“I want to live people, please let me live.” Wringing his hands, arms raised, director Alexander Weise stands on the stage. After that it’s quiet in the room until he releases the tension. Weise steps off the stage and asks the performers to repeat the scene. “I want to live people, please let me finally live.” The 15 children and young people do not repeat his words, they only express them through their body language. Her sensitivity creates goosebumps, even for Weise himself. The performers, aged between seven and 25, rehearsed with him for months and developed their play “Rights for Children”, getting to know themselves and the others, their wishes and rights better and better. They perform without hierarchies, they implement the UN Convention on the Rights of the Child, artistically and in dealing with each other.
“States Parties shall respect and ensure the rights set forth in this Convention to every child under their jurisdiction without any discrimination whatsoever on the basis of race, colour, sex, language, religion, political or any other opinion, national, ethnic or social origin, property, disability, birth or other status of the child, his parents or guardian.” (Article 2, 1)
The formal text of the law is deliberately part of the performance. Its use makes it clear: the rights of children are demanded here in a non-negotiable manner. From the adults. This is no child’s play.
“No!” Actor Andrei Tacu, the only adult on stage, throws out his sentences as if he were banging his fist on the (regular) table. On stage he is the opponent of the young ensemble. Disillusioned, he lists examples of humanity’s failures and uninhibitedly expresses the unspoken egoistic views of adults (Text: Marcel Luxinger). Humans are fundamentally evil: “It’s unfortunate that you can’t heat with this negative energy.”
What are the ideas and promises still worth in a world that is in the midst of upheaval? Alexander Weise asked himself this question in the course of the pandemic, when a wave of questioning of applicable law and its implementation swept Germany. Tacu’s disillusioning passages are contrasted with the unity of the hopeful chorus of children and young people, who also appear individually in expressive monologues.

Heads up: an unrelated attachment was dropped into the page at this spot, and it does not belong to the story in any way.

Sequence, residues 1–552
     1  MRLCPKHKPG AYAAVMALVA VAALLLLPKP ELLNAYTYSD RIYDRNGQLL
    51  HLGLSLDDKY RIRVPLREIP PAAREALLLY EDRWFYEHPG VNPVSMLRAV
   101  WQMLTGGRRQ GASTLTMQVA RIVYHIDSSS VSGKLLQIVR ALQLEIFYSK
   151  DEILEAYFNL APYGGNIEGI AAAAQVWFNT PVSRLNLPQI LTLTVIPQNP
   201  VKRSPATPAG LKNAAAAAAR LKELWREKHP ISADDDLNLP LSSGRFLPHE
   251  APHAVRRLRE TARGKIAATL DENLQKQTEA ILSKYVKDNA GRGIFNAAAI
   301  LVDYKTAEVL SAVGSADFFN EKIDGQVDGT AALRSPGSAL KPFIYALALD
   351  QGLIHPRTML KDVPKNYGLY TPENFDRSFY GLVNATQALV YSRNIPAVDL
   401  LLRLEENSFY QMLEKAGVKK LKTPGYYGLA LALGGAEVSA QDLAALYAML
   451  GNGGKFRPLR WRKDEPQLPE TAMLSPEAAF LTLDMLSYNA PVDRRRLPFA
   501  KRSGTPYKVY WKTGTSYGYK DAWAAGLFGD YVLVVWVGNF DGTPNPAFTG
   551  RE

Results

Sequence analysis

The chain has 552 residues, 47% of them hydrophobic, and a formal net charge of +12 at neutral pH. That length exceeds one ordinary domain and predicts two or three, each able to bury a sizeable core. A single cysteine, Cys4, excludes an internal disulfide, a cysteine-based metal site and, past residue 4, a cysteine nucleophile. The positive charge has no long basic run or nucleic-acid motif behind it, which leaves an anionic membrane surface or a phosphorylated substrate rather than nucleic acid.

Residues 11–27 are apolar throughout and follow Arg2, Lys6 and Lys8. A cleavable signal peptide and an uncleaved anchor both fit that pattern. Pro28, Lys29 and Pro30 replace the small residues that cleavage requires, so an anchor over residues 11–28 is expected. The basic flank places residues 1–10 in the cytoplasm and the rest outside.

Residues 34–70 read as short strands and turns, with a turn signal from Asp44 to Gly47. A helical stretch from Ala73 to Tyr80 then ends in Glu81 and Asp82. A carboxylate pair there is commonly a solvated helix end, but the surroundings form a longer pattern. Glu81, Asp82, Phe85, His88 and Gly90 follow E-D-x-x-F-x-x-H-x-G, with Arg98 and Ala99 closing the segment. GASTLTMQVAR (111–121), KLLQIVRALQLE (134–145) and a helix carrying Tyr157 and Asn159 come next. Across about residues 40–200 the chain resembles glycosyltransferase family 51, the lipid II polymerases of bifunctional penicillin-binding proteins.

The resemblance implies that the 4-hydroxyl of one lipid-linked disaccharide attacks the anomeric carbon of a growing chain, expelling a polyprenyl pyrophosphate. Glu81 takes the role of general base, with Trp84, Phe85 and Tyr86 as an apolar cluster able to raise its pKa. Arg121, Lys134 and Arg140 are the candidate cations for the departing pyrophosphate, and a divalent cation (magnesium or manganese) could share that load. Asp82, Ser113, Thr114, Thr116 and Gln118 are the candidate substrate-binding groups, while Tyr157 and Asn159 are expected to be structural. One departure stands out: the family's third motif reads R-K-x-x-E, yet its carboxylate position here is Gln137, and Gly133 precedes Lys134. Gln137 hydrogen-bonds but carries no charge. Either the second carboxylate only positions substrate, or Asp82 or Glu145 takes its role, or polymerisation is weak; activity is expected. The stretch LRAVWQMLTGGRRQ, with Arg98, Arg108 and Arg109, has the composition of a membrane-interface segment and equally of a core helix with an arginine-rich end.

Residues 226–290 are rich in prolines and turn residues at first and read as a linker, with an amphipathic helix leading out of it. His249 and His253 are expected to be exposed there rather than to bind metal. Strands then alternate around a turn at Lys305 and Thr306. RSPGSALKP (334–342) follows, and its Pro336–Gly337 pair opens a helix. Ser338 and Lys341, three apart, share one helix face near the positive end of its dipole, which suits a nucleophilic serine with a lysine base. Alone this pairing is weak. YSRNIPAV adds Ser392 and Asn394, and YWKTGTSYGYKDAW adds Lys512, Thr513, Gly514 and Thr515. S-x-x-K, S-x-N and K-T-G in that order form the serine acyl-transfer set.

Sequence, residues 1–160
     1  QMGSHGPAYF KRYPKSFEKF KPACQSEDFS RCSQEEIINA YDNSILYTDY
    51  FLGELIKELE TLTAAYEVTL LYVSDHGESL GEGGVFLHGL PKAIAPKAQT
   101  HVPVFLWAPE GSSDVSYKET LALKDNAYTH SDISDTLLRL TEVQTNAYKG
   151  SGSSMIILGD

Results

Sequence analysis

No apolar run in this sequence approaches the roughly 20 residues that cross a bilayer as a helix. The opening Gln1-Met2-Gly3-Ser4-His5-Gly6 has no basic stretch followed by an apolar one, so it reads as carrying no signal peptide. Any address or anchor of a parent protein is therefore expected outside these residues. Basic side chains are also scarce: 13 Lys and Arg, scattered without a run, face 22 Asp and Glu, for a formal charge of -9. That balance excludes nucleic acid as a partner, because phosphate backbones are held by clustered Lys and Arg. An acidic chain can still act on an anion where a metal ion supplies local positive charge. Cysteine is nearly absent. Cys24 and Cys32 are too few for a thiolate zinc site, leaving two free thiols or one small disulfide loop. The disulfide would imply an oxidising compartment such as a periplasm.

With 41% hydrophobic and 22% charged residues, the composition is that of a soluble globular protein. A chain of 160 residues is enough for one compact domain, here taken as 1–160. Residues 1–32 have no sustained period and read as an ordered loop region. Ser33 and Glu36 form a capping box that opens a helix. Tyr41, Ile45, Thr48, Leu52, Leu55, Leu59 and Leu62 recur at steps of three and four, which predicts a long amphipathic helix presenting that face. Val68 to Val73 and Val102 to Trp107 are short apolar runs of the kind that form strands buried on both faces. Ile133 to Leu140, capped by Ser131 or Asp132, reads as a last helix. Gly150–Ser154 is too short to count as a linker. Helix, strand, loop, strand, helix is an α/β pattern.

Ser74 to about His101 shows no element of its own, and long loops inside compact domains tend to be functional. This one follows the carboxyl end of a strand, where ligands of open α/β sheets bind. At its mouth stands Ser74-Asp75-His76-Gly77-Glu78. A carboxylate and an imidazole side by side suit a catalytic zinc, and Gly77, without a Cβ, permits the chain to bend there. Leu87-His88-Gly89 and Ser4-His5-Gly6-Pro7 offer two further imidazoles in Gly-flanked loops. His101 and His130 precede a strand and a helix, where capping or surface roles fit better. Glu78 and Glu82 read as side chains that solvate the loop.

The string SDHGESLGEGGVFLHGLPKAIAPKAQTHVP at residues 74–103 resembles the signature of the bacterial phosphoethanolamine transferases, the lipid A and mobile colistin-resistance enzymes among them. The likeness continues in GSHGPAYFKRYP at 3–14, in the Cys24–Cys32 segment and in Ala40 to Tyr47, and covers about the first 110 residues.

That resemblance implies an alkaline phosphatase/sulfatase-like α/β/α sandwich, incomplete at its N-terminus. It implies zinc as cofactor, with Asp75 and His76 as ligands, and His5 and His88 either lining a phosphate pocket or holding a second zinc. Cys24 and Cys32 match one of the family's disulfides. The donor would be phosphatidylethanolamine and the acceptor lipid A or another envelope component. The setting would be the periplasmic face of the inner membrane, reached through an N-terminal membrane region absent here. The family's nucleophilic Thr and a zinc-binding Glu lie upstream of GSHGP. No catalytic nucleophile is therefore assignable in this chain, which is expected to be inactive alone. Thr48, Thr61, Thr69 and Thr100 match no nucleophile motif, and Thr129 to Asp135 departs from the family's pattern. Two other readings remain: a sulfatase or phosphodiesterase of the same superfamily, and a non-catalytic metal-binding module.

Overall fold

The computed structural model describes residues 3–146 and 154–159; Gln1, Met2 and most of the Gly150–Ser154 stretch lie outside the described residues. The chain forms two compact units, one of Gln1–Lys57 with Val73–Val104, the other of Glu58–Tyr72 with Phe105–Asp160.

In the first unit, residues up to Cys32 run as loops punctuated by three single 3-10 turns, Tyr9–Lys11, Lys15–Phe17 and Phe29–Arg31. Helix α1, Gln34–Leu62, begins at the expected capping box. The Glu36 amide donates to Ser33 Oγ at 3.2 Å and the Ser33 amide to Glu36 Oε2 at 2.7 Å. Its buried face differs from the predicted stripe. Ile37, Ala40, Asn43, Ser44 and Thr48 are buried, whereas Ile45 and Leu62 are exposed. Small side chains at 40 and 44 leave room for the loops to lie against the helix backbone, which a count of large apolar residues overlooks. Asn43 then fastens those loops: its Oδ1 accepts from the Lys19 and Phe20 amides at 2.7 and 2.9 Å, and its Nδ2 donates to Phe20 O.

These passages are linked to the young people’s personal experience, which means that they engage the audience on an emotional level. The performers put their private feelings and thoughts into their voices. Ari sees this as his strength, he has found his passion in singing. Ari processes all his feelings while singing, but also his traumata. In his childhood he was a victim of domestic violence and physical, sexual and psychological abuse. Music helped him come to terms with his past.
In his monologue, Ari deals with the right to physical and mental integrity. He wasn’t obligated to do this, he wanted to. Dealing with it wasn’t easy for him: “At home I’m alone with the text and I run the risk of getting lost in my thoughts.” The 21-year-old, on the other hand, finds the rehearsals pleasant and he enjoys them: “Everything is on stage in neutral tension, concentrated on the middle of the body, that brings you into your personal and safe headspace.” The group would play a decisive role for this feeling, he says, because the young people have developed close friendships and a trusting relationship through working on the theater together built up.